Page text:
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PARENTING TIME: IT'S THE RIGHT THING TO DO

Author : Lucille Uttermohlen

Submitted : 2009-03-15 06:43:25    Word Count : 813    Popularity:   161

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Good or bad, your parents have a lot of influence on your life. Your fears and pleasures, actions and reactions are reflections of the people who brought you up. It is rarely good for a child to be deprived of contact with one of his parents, even if Mom and Dad don't like each other. Thus, all states have laws to protect a non-custodial parent's "parenting time" or visitation rights.

The general provision for parenting time includes every other weekend and alternate holidays. Week nights can also be included. If the parents live a long way from each other, less frequent but longer visits may be ordered. Breaks from school can also furnish time with the non-custodial parent. The child's age can also be a factor in deciding how frequently and for what length visitation should occur.

Parenting time is very important. Because of this, it is very hard to prove that the non-custodian should not have any contact with the children. If he / she can't be trusted, his / her visitation may be supervised by a third party to make sure no harm comes to the child. The supervisor can be a trusted relative, friend, or even a professional whose participation is ordered by the court. If the parenting time doesn't occur because the non-custodial parent doesn't want it, little can be done. Even though parenting time and support are viewed as the child's rights, not the parent's, no one can force another person to visit if he / she doesn't want to.

If the lack of visits is because of the custodial parent's actions, contempt proceedings can be brought against him / her to force cooperation. Failure to cooperate in visatation can even be used as a reason to change custody.

The custodial parents influence on a child is great. He or she can convince the child that the other parent is dangerous, cruel, or somehow defective. Because of this courts are very strict with parents whose reason for not accommodating visitation are "he or she does not want to visit". It is not the child's choice. It is considered to be his / her need, rather like being forced to eat broccoli instead of cake for lunch. An uncooperative parent can find him or herself on the business end of an injunction in some states. If that happens, the uncooperative parent may have to pay the other parent's attorney's fees, and he / she can end up in jail for failing to make the child available for visits with the other parent.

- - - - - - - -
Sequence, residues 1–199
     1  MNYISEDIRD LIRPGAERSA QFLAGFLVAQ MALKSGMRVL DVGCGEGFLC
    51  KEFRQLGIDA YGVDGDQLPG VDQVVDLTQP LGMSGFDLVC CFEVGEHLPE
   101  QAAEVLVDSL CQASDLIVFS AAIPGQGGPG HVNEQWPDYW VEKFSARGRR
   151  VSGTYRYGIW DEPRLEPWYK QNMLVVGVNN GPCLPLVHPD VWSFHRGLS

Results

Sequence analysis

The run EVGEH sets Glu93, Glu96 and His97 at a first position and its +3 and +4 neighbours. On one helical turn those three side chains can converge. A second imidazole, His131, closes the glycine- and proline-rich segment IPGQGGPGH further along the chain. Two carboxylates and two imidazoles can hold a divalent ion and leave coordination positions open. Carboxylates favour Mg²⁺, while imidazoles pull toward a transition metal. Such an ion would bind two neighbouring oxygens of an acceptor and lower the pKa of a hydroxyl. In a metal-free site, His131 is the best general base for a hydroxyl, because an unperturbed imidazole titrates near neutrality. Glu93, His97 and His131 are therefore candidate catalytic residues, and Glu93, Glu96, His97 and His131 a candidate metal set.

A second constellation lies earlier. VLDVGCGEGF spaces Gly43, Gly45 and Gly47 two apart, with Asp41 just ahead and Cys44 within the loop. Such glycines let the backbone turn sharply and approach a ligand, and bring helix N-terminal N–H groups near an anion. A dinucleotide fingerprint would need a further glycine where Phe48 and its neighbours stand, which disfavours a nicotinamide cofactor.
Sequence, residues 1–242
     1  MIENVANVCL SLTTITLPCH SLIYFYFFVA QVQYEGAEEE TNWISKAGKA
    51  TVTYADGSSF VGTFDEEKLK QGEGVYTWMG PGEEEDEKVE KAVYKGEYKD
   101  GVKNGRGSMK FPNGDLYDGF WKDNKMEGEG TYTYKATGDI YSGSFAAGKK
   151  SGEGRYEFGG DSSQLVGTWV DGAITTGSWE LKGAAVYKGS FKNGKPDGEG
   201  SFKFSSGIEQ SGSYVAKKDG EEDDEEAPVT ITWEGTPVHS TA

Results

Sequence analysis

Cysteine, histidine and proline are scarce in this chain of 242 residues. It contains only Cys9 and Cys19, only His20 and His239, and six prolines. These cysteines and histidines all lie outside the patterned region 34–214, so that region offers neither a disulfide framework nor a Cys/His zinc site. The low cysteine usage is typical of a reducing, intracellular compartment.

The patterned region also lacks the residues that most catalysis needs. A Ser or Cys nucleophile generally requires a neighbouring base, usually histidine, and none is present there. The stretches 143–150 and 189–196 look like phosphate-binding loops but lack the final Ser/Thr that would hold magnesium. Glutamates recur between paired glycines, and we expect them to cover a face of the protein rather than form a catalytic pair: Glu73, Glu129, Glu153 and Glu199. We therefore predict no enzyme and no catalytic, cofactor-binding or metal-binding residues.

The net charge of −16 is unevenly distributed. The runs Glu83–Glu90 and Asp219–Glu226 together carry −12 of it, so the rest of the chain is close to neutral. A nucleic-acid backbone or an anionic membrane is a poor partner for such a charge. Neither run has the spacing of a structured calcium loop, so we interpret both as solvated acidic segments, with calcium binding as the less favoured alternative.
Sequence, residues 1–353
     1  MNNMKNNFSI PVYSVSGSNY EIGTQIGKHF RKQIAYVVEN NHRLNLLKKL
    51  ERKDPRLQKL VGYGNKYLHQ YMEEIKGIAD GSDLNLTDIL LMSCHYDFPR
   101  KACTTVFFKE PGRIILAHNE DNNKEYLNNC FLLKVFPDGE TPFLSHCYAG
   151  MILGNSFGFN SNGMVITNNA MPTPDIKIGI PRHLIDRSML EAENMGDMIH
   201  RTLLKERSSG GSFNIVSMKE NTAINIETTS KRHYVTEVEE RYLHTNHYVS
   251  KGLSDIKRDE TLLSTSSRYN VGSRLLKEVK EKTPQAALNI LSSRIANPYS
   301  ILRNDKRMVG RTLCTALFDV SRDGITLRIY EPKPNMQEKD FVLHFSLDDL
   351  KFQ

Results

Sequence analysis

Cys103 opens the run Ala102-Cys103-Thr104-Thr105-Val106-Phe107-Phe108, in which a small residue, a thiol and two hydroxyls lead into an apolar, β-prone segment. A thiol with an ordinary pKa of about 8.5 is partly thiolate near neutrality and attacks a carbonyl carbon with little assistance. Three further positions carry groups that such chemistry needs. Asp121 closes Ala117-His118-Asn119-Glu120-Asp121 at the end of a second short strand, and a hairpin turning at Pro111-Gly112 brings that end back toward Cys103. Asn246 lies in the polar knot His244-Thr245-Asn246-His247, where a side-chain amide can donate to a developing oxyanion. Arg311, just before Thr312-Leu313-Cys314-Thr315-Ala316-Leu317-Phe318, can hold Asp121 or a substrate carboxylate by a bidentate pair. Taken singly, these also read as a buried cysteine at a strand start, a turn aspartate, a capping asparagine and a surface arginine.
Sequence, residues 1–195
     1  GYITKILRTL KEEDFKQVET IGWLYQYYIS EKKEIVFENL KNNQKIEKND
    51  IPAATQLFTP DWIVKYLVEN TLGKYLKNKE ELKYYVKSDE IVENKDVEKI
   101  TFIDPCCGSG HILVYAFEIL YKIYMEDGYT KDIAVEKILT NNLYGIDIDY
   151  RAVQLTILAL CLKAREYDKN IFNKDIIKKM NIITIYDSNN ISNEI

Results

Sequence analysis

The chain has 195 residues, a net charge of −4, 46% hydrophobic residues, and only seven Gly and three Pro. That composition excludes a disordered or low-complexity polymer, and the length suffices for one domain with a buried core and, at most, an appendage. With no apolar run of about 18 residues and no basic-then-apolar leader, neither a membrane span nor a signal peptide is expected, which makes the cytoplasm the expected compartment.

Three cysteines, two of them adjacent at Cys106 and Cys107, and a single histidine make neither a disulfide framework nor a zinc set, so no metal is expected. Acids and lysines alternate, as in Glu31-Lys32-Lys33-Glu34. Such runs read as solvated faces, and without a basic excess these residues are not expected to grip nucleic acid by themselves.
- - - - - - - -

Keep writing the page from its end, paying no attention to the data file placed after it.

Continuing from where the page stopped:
It is also important for the custodial parent to understand that child-support and parenting time are two separate issues. If the non-custodian is behind in his or her child support, he or she can be held in contempt by the court. However, this does not give the custodian the right to disobey the court's parenting time order. It does not matter how far behind the non-custodian is in his child support.He or she still has the right to visit with the child. The supporting parent may be in contempt for his failure to pay, but the custodial parent cannot use the children to compel him / her to do it.

If you have reason to believe that your child is being abused by the other parent, you have an obligation to do whatever you can to protect him or her. The welfare department, the police and the prosecutor's office will help. A judge can enter orders to protect your
child from the excesses of a parent who would harm him.

Still, it is important to make an informed decision after considering all the circumstances before acting. Talk to the other parent to get a sense of whether the child's observations are true, or whether he or she is just angry over a legitimate disciplinary matter. Bear in mind that your child doesn't necessarily understand the significance of what he / she is saying, and his seemingly grim observations about his time with the other parent may be because of his limited ability to understand and judge the situation, not because of the way the event actually happened.

Remember it is the child who is deprived of a parent's love and support who suffers. Only in extreme circumstances is he better off without the other parents participation in his or her life. In addition, basing an important decision like whether to incur the expense and aggravation of going to court should never be left to a child's discretion. If a child knows that his parents will compete for his loyalty, he holds all of the cards, but will certainly lose the game.

Author's Resource Box

Lucille P. Uttermohlen is a family law attorney with 27 years experience. Her specialties include divorce, paternity, adoption, guardianship, probate and criminal law. To learn more about the divorce process, visit Lucille at Couple-Or-Not.com

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